I’m lucky enough to come from a large and very close family, so I’ve got mostly fantastic memories of my childhood. Growing up in Bradford, a town in the north of England, was interesting and sometimes a bit of a challenge. It’s a great area, and the sense of community and family is very strong there. When I was a kid, though, there were quite a few new families arriving and some moving on too, so the community was changing fairly rapidly. This had an impact on me simply because I’m mixed race. As a really young kid, it never crossed my mind that being Irish/English/Asian might cause some people an issue - I was just having a great time playing with my three sisters and friends. But as I got older, a few kids started asking questions, and that’s when I began to realise that some of them thought I was - how can I put it? - different. Kids always like to put things in a category - it’s just a part of childhood and growing up in a way, because it helps them understand stuff that’s around them. It’s not a bad thing. It’s just the way kids are. Kids are inquisitive. That’s fine when you’re at school and someone’s asking you which football team you support or what bands you’re into, but when I started to get a little older and joined in with various social groups at school, some of the kids started asking me questions that I just didn’t understand. ‘Where are your parents from?’ or ‘Where are you from?’ as well as ‘Why is your mum white and your dad brown?’ I can honestly say that when they asked that last one it had never even crossed my mind before, so I didn’t actually know what to say in reply. I was confused. Not confused about who I was and what was important to me but about why these kids were even interested in this stuff in the first place. I couldn’t understand why it had any relevance. It was baffling. I just thought, Why do you find that so interesting? What does it matter to you? My mum’s my mum and dad’s my dad. zayn malik, who we are autobiography (via intoxicatemezm)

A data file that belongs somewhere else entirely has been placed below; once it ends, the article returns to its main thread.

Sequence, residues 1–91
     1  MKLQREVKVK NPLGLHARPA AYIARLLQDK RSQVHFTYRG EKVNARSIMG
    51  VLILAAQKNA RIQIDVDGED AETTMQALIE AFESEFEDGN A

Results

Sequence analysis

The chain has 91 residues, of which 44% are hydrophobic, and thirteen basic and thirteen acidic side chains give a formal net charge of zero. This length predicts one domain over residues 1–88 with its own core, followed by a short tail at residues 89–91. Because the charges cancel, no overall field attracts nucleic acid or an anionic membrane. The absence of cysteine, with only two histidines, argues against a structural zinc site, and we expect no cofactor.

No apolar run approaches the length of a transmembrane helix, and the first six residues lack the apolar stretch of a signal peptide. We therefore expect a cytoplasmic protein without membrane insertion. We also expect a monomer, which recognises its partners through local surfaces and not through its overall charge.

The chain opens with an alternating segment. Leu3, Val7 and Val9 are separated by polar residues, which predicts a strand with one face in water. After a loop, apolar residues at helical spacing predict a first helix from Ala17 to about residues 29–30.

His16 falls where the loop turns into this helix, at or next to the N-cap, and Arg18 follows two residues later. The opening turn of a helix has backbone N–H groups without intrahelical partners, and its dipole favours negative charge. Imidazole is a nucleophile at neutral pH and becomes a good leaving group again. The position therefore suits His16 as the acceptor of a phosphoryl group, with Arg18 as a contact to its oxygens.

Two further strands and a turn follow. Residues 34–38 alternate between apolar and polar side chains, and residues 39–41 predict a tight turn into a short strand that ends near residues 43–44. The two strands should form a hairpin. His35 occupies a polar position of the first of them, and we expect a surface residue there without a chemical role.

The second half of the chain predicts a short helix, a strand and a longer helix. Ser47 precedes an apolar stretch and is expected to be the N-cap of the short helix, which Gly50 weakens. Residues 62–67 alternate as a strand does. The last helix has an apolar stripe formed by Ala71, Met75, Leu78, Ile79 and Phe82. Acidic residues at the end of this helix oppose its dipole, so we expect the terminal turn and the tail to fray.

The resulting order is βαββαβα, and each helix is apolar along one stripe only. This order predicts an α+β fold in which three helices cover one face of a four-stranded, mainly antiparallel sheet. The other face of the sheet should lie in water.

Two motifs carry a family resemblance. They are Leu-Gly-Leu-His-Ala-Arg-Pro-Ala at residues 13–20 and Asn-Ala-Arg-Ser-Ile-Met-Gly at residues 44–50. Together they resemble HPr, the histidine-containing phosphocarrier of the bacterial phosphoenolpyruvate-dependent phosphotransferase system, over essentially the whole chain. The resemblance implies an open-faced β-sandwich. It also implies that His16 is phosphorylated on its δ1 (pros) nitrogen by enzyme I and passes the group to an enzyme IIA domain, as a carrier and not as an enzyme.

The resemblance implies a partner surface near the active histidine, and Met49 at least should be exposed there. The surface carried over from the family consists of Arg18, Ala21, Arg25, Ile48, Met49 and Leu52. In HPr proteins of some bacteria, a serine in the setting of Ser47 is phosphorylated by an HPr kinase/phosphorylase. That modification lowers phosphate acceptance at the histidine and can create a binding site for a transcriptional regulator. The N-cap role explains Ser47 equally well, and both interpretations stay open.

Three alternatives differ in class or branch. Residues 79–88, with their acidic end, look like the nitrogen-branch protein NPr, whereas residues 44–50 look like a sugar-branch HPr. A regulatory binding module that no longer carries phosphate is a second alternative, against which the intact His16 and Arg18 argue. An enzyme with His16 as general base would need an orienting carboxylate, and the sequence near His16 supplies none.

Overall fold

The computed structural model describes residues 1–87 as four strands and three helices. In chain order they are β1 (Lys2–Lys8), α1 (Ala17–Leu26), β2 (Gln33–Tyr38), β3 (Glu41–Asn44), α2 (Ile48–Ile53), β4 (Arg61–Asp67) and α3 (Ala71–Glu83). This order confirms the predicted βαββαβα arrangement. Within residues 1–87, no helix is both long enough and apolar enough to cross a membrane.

(via hazzasmalik)

stfueverything:

thatnigga-ian:

calmtempest:

startrekmademequeer:

lifeofabiologymajor:

artofseductionlxix:

mentalalchemy:

 
hoodjab:
A Greek doctor has photographed an extremely rare moment during a birth, showing a baby still encased inside the amniotic sac after it has been removed from the mother’s body.
Because the sac had not been punctured, Dr Tsigris said the baby did not even realise it had been born and behaved as if it was still inside the mother’s womb.
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The doctor said there was no risk to the baby as it was still feeding off the placenta and would begin to breathe as soon as the sac was broken.
[Source]

wow

this is really cool

just five more minutes, mom

procrastination taken to the next level

Procrastinating from the womb

^^^such a typical tumblr response lmao

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